None of Miles Davis' recordings has been more shrouded in mystery than Jack Johnson, yet none has better fulfilled Miles Davis' promise that he could form the "greatest rock band you ever heard." Containing only two tracks, the album was assembled out of no less than four recording sessions between February 18, 1970, and June 4, 1970, and was patched together by producer Teo Macero. Most of the outtake material ended up on Directions, Big Fun, and elsewhere. The first misconception is the lineup: the credits on the recording are incomplete. For the opener, "Right Off," the band is Miles, John McLaughlin, Billy Cobham, Herbie Hancock, Michael Henderson, and Steve Grossman (no piano player!), which reflects the liner notes.
With their second album, Miles Smiles, the second Miles Davis Quintet really began to hit their stride, delving deeper into the more adventurous, exploratory side of their signature sound. This is clear as soon as "Orbits" comes crashing out the gate, but it's not just the fast, manic material that has an edge – slower, quieter numbers are mercurial, not just in how they shift melodies and chords, but how the voicing and phrasing never settles into a comfortable groove. This is music that demands attention, never taking predictable paths or easy choices.
The New Miles Davis Quintet made its first visit to the recording studios on November 16, 1955. By October 26, 1956, when they made their last session for Prestige, Davis had signed with recording giant Columbia, he had featured the most influential band in all of jazz (which would spawn the most charismatic musician of the '60s), and was well on his way toward international stardom…
Miles Davis was in the process of forming his first classic quintet when he recorded this date, a Prestige set reissued by the audiophile label DCC Compact Classics…
Miles Davis' concert of February 12, 1964, was originally divided into two LPs, with all of the ballads put on My Funny Valentine. These five lengthy tracks (which include "All of You," "Stella by Starlight," "All Blues," "I Thought About You," and the title cut) put the emphasis on the lyricism of Davis, along with some strong statements from tenor saxophonist George Coleman and freer moments from the young rhythm section of pianist Herbie Hancock, bassist Ron Carter, and drummer Tony Williams.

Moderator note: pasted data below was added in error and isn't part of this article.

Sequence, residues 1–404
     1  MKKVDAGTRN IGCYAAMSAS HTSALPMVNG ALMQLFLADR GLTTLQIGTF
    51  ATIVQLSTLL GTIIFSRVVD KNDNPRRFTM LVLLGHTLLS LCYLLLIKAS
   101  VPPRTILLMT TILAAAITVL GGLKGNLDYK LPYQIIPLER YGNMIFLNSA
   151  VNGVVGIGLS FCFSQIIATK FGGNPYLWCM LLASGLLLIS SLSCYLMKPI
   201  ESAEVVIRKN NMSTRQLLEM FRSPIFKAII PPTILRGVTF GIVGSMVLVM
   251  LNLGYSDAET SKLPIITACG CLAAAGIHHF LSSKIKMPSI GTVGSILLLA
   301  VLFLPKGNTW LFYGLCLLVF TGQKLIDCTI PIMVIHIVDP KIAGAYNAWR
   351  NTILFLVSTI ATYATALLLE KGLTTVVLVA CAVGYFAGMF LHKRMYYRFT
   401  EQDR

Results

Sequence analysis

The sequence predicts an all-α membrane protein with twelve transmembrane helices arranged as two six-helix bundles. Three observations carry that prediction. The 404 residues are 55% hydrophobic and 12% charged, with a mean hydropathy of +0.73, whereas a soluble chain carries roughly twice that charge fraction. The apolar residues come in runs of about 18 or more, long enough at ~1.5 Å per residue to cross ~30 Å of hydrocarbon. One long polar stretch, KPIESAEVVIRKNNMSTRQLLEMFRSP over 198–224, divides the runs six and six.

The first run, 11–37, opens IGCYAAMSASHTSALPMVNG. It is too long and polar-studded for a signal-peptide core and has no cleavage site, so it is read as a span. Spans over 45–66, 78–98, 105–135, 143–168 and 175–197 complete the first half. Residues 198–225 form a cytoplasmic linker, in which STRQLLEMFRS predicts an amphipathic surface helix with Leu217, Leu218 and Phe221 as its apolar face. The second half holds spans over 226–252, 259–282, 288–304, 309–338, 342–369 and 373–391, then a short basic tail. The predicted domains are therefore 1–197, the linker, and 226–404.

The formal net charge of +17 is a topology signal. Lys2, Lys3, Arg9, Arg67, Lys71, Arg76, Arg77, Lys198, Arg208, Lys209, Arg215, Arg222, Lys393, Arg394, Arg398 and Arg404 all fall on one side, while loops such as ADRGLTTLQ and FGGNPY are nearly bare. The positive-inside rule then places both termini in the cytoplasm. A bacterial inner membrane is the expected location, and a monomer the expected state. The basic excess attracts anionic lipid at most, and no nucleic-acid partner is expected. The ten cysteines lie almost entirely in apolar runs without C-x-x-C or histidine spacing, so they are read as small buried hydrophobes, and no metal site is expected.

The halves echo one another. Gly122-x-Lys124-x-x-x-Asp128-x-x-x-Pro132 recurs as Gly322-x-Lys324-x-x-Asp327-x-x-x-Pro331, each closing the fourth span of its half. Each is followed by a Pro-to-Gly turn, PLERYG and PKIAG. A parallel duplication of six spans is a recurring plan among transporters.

Kind of Blue isn't merely an artistic highlight for Miles Davis, it's an album that towers above its peers, a record generally considered as the definitive jazz album, a universally acknowledged standard of excellence. Why does Kind of Blue posses such a mystique? Perhaps because this music never flaunts its genius. It lures listeners in with the slow, luxurious bassline and gentle piano chords of "So What." From that moment on, the record never really changes pace – each tune has a similar relaxed feel, as the music flows easily. Yet Kind of Blue is more than easy listening. It's the pinnacle of modal jazz – tonality and solos build from the overall key, not chord changes, giving the music a subtly shifting quality. All of this doesn't quite explain why seasoned jazz fans return to this record even after they've memorized every nuance.
With the release of the spectral title tune, and the efforts of the Columbia marketing and publicity departments behind him, a thirty-year old Miles Davis entered into a period of extraordinary artistic maturity and growth. And Miles instinctively knew how to cultivate his star quality. Looming behind those shades, was the diffident, sensitive anti-hero–proud and defiant–who only spoke to his audience through his horn, and turned his back on them when the other soloists were blowing. The combination of attitude and intellect was irresistible. Beginning with ROUND ABOUT MIDNIGHT and proceeding through a remarkable succession of famous recordings over the next 30 years, Miles Davis became one of the greatest soloists, arrangers and talent scouts in the history of American music. People who didn't own a single jazz record came to know his name–Miles was a jazz icon.
PREVIOUSLY UNRELEASED APRIL 9TH 1970, FILLMORE WEST RECORDING One of the most influential and innovative musicians of the 20th century, Miles Davis was, together with his musical groups, at the forefront of many major developments in jazz music, including bebop, cool jazz, hard bop, modal jazz, and jazz fusion. In 2006, Davis was inducted into the Rock and Roll Hall of Fame, the only jazz musician to date to have warranted entry, which recognized him as 'one of the key figures in the history of jazz' Throughout 1969, Davis' touring band included Wayne Shorter, Chick Corea, Dave Holland, and Jack DeJohnette; as the group never completed a studio recording, it has been subsequently characterized as the lost quintet by many critics.